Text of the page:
Happy Memorial Day Weekend!
We’re actually experiencing summer-like temperatures this week, and I’m so happy about it now that the kids are out of school. I guess Mother Nature is making me eat my words after complaining in last week’s 5+1. I hope you’re having great weather as well and have some fun on tap for the long weekend. Here is this week’s Friday 5+1! This post contains some affiliate links.
Zoodle Spiral Slicers
I have mentioned that I’m trying to eat “clean(er)” recently, and I’ve stumbled across some delicious looking recipes like this one that include spiral veggies, sometimes in the place of noodles. This Zoodle Spiral Slicer makes easy work of spiralizing veggies.
I am back on an audio book binge, and have knocked out almost three books this week alone thanks to Audible. Orphan Train was one that immediately got my attention and I couldn’t stop listening to it once I started. Don’t you just love books like that? Here is a description from Amazon –
Christina Baker Kline’s Orphan Train is an unforgettable story of friendship and second chances that highlights a little-known but historically significant movement in America’s past—and it includes a special PS section for book clubs featuring insights, interviews, and more.
Penobscot Indian Molly Ayer is close to “aging out” out of the foster care system. A community service position helping an elderly woman clean out her home is the only thing keeping Molly out of juvie and worse…
As she helps Vivian sort through her possessions and memories, Molly learns that she and Vivian aren’t as different as they seem to be. A young Irish immigrant orphaned in New York City, Vivian was put on a train to the Midwest with hundreds of other children whose destinies would be determined by luck and chance.
The Life We Bury
I just finished this book yesterday, and while more of a mystery/suspense type of book, it was equally compelling. The Amazon description –
College student Joe Talbert has the modest goal of completing a writing assignment for an English class. His task is to interview a stranger and write a brief biography of the person. With deadlines looming, Joe heads to a nearby nursing home to find a willing subject. There he meets Carl Iverson, and soon nothing in Joe’s life is ever the same.
Carl is a dying Vietnam veteran–and a convicted murderer. With only a few months to live, he has been medically paroled to a nursing home, after spending thirty years in prison for the crimes of rape and murder.
As Joe writes about Carl’s life, especially Carl’s valor in Vietnam, he cannot reconcile the heroism of the soldier with the despicable acts of the convict. Joe, along with his skeptical female neighbor, throws himself into uncovering the truth, but he is hamstrung in his efforts by having to deal with his dangerously dysfunctional mother, the guilt of leaving his autistic brother vulnerable, and a haunting childhood memory.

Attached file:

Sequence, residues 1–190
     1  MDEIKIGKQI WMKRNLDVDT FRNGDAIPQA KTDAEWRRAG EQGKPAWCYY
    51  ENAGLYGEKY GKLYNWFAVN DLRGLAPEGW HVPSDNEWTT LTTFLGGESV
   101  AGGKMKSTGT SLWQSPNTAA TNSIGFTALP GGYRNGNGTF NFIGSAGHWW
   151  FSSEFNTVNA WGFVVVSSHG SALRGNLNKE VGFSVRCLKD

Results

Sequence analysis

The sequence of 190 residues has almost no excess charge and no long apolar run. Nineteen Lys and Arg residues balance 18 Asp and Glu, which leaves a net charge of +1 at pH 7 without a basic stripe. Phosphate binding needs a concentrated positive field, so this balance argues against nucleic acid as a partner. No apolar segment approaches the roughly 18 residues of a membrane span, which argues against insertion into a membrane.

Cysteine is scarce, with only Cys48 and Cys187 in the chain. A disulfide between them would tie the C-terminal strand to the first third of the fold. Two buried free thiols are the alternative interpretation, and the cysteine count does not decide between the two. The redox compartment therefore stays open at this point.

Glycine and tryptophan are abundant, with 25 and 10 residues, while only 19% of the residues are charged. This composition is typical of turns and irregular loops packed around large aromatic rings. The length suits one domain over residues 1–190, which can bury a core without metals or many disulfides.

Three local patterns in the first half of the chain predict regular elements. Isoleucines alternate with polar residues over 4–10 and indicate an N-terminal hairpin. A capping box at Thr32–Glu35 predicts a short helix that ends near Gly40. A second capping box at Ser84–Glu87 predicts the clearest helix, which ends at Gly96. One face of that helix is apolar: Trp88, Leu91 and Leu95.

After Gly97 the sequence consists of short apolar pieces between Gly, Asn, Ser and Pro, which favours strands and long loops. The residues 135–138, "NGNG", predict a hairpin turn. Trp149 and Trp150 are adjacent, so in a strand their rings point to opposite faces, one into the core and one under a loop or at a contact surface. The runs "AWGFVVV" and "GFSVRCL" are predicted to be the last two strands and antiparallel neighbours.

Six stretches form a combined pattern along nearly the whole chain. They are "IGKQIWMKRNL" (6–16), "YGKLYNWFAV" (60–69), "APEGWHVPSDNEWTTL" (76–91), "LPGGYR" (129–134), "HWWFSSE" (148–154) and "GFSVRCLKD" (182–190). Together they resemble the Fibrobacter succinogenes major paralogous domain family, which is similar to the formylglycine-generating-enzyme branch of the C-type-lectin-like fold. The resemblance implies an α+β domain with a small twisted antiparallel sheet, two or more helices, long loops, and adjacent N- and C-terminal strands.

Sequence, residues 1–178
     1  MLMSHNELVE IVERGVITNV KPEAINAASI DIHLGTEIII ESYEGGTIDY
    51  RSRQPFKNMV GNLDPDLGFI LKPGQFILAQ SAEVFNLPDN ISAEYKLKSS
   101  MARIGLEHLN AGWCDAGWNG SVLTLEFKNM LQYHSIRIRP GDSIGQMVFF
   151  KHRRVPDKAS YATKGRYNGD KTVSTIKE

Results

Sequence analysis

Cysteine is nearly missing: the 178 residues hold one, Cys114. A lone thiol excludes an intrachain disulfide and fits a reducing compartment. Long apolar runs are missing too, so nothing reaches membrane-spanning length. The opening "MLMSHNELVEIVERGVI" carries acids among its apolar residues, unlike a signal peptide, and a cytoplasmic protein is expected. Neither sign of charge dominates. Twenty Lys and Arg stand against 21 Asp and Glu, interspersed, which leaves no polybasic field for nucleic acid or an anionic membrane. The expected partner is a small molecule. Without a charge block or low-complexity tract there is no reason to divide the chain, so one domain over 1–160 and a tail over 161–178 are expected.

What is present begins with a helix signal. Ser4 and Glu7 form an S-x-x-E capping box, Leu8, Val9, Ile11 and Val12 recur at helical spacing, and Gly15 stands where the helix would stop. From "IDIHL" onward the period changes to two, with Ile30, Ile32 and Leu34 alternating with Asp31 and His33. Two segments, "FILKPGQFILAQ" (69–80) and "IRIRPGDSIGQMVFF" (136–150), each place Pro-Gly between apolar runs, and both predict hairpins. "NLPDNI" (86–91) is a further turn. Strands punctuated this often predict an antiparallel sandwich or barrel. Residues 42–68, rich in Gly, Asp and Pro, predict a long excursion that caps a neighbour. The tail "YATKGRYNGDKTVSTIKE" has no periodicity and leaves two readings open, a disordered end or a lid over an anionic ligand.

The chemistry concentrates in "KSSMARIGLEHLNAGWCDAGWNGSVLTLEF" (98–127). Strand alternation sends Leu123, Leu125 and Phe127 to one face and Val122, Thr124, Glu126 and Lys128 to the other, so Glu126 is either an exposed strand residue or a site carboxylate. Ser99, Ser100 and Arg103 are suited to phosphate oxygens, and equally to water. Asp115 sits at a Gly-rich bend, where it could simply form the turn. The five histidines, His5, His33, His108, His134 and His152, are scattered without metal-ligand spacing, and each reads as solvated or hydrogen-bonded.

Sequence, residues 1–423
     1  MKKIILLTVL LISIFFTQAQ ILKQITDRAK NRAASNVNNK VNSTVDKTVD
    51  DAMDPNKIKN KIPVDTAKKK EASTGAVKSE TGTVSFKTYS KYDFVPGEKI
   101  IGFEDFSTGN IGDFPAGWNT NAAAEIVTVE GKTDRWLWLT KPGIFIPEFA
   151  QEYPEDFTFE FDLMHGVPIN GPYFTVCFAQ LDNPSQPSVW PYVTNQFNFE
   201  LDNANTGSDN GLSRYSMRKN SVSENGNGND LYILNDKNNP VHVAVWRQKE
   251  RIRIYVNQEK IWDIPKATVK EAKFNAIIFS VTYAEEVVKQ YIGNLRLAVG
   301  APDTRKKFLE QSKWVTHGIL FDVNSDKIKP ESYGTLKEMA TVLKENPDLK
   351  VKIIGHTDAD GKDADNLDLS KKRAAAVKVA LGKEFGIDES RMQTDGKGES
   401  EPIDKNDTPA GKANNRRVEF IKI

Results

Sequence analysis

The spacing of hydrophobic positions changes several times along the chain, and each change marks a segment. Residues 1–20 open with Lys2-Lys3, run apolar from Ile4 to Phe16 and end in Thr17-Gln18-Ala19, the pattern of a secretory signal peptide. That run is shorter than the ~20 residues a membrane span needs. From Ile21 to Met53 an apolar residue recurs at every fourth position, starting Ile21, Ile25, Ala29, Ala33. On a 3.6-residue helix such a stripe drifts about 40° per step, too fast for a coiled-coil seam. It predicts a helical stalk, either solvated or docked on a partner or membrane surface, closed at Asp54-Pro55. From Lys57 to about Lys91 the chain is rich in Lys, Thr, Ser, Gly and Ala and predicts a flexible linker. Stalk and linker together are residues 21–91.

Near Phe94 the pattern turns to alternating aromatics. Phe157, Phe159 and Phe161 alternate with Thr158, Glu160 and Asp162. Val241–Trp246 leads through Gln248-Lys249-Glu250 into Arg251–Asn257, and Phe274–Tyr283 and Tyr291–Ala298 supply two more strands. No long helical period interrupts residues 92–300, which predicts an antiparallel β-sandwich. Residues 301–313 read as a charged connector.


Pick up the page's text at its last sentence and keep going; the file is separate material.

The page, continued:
I love a good suspense novel, and it helps the the narration on the audiobook was really well done. The more I listen to audiobooks, the more I appreciate the importance (and the talent) of the narrator.
TV – What to Watch This Summer
I know you don’t plan on watching TV all summer, but if you do, here is a list of some shows to watch.
And if you are looking for more summer fiction ideas – here is a list of some more books to consider.
And my +1 for the Week…
Clean clothes in the dirty laundry. My oldest son just left a giant load of dirty clothes in the laundry room, and nothing gets me going into crazy mode than finding a perfectly folded shirt (or two, or seven) in the dirty laundry. I’ve decided since he’s going to be a senior, and released into the world next year, that this summer is going to be the beginning of my “Teen Boy Bootcamp”. I have failed as a mother in teaching him some basic life skills, and have gone into a bit of panic at the thought of all that he still has to learn in order to live on his own. Laundry is on the list.
Have a great weekend!
JulieMay 27, 2016 at 12:28 pm
Lol about your son. Mine started college last September and moved into residence. I taught him how to do laundry before he left home, but he found it was easier to sweet talk the girls into doing it for him! He is now living in a house with a bunch of guys and no meal plan and just discovered that groceries are expensive! The meals he took for granted at home and the leftovers he wasn’t interested in are now in great demand. It’s such an exciting time to watch them grow, enjoy!
jillMay 27, 2016 at 1:48 pm
Loved Orphan Train and thanks for the suggestion on the other two. Ugh! My teenage son has been known to do the same thing of putting perfectly clean laundry into the dirty bin as a procrastination tactic from putting away it away! Infuriating!
LisaMay 27, 2016 at 4:49 pm
Good for you with your +1! His future wife will appreciate your efforts.
KarinMay 28, 2016 at 7:31 am
Love my spiralizer! My son used to do the same thing – and then deny it! Now he lives on his own and has to do his own laundry. And he is still doing the same thing, only now he does it, because he won’t fold his clothes, like he was taught, and still tosses everything on his bedroom floor… Oh well, I certainly tried. Your book suggestions look intruiging.